Responding to the dwindling mountain gorilla population in Africa, the International Gorilla Conservation Programme – a joint initiative of the African Wildlife Foundation, Fauna and Flora International, and WWF – is created; numbers have grown in the past decade to over 1,000.
WWF plays a key role in establishing UN Convention on Biological Diversity (CBD), the international treaty covering conservation and use of biodiversity; signed initially by 163 states, WWF has helped governments to implement their CBD commitments.
We are a key player in the launch of the Forest Stewardship Council (FSC), a pioneering certification scheme for sustainable forest products; the launch by WWF and Unilever of the Marine Stewardship Council (MSC) wild-caught seafood scheme follows three years later.
We work with Malaysia and the Philippines to set up the Turtle Islands Heritage Protected Area – the world’s first transboundary marine protected area for sea turtles and the main nesting area for green sea turtles.
WWF has a pivotal role in the Kyoto Protocol, the first international agreement to limit carbon emissions that leads to the groundbreaking Paris climate agreement in 2015 signed by over 190 states.
We publish the first Living Planet Report; the bi-annual publication continues today in partnership with the Zoological Society of London, providing a world-leading analysis of biodiversity health and humanity’s pressure on nature.
We work with the Brazilian government and others to set up the Amazon Region Protected Areas (ARPA) programme, eventually supporting over 50 million hectares of protected areas; our Earth for Life initiative helps provide long-term funding for ARPA as well as conservation in Bhutan, Colombia and Peru.
The first Earth Hour takes place in Sydney, Australia; it develops into one of the world’s leading grassroots environmental movements, with millions across a record-breaking 192 countries and territories in 2021 calling for action on the nature and climate crises.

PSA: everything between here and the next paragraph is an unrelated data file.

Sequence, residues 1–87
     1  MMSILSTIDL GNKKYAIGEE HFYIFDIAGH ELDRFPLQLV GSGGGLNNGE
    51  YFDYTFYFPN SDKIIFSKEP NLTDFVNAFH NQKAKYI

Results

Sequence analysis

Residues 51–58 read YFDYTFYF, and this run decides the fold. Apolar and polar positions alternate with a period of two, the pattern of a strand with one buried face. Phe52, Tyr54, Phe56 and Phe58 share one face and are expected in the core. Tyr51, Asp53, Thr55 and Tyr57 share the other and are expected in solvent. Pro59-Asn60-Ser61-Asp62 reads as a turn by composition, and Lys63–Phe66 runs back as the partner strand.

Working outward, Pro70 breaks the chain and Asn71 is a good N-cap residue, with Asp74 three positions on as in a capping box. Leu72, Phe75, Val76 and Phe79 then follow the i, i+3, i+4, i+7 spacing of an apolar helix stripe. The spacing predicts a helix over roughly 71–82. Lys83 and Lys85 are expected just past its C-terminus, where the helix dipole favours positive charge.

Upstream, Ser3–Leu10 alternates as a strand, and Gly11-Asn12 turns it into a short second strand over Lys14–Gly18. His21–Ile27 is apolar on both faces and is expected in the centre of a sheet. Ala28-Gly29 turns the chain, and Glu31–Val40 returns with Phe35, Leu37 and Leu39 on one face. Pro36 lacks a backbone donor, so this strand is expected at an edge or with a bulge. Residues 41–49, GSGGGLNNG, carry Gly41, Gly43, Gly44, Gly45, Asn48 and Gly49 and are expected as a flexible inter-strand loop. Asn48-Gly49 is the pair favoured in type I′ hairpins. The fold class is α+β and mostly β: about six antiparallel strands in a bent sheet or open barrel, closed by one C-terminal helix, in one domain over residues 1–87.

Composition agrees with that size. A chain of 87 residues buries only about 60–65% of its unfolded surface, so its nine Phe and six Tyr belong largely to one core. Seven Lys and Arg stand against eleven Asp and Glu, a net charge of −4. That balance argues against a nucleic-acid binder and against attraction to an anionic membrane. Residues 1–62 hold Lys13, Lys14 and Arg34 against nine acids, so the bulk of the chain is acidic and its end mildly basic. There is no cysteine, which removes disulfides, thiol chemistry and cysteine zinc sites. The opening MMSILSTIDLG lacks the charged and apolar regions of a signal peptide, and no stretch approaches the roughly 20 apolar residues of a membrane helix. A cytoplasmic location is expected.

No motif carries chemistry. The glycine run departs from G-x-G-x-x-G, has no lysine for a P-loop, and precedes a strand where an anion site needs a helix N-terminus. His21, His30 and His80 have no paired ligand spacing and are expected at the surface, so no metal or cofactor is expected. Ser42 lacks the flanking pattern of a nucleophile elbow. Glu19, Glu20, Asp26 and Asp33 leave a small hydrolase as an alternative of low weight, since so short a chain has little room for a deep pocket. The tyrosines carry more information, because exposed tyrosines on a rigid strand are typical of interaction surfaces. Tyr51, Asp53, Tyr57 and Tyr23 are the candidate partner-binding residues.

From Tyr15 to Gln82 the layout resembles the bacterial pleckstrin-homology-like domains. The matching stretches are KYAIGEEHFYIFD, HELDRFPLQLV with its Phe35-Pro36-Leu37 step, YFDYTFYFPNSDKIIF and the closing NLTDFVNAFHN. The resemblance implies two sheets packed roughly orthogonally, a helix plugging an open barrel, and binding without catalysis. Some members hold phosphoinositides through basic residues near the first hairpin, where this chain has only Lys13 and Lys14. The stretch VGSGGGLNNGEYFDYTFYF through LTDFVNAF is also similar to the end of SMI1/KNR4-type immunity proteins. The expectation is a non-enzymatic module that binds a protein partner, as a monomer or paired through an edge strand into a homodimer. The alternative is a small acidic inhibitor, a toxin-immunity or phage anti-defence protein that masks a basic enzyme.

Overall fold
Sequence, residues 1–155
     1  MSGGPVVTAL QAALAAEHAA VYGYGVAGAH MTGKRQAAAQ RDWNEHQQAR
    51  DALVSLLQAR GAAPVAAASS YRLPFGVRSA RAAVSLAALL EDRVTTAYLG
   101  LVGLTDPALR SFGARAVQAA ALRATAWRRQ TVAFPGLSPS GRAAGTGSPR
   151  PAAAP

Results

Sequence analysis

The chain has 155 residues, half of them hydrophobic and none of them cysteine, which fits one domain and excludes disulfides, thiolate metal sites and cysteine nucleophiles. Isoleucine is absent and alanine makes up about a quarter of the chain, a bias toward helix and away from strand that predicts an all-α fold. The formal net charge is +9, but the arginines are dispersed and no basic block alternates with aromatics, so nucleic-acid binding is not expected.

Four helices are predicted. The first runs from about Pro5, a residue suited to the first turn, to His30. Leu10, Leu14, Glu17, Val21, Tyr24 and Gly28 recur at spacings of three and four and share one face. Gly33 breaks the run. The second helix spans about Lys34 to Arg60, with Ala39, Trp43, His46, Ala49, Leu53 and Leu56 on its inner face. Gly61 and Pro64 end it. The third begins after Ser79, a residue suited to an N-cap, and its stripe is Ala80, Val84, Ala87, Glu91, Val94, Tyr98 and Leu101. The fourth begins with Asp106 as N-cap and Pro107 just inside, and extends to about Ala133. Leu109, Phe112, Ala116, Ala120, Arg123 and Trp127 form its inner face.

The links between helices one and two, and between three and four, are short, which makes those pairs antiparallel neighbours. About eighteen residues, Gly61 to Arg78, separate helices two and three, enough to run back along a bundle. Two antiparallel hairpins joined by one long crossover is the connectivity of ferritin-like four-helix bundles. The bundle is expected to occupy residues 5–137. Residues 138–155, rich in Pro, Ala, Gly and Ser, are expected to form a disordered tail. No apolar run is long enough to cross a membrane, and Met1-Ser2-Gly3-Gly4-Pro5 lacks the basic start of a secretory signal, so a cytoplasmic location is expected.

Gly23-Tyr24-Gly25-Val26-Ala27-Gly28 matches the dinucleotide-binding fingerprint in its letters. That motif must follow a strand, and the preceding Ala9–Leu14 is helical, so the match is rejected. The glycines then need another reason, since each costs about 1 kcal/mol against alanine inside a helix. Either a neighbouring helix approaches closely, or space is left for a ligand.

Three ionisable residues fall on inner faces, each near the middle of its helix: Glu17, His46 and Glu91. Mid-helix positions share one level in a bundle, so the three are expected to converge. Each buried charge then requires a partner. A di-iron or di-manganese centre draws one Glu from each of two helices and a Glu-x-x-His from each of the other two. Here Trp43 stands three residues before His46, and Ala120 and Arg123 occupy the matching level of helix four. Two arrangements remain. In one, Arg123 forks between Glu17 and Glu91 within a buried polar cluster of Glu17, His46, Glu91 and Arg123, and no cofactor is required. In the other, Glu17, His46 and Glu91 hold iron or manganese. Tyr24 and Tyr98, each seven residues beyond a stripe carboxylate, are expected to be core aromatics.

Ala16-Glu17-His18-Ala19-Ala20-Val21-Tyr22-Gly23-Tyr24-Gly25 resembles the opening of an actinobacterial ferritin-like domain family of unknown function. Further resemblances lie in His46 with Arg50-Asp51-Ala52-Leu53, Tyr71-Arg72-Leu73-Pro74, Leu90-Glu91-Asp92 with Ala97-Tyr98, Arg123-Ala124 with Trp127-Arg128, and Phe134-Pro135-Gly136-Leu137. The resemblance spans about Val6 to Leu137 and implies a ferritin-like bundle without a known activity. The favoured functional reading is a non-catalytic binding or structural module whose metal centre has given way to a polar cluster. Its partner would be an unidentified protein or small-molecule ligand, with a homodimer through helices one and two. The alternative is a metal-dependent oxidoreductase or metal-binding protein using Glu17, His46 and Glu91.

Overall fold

To help halt deforestation for conversion to oil palm plantations, a global certification scheme for sustainable palm oil, the Roundtable on Sustainable Palm Oil, is established with our support; today, 19% of global palm oil is certified.
Leaders of six nations commit to a conservation plan for the Coral Triangle region of the western Pacifc, which hosts most of the world’s coral species; WWF’s ongoing support includes working for more sustainable marine industries and to improve livelihoods for coastal communities.
Our longstanding efforts help create the world’s largest ocean protected area, covering over 1.5 million km2, off Antarctica in the Ross Sea – a haven for whales, penguins and other species.
Our work to end the elephant poaching crisis is boosted by China’s ban on its domestic ivory trade, the world’s largest market; WWF-backed consumer awareness campaigns in key Asian markets and anti-poaching measures in elephants’ African habitats continue.
WWF launches the vision of a New Deal for Nature and People where the world comes together to restore nature; in 2020, over 80 heads of state and government sign a Leaders’ Pledge for Nature that commits them to reverse nature loss by 2030.
WWF is a key advocate for a global treaty to end ocean plastic pollution; to date, about 70 governments, 50 businesses, and more than 2 million people have backed our calls.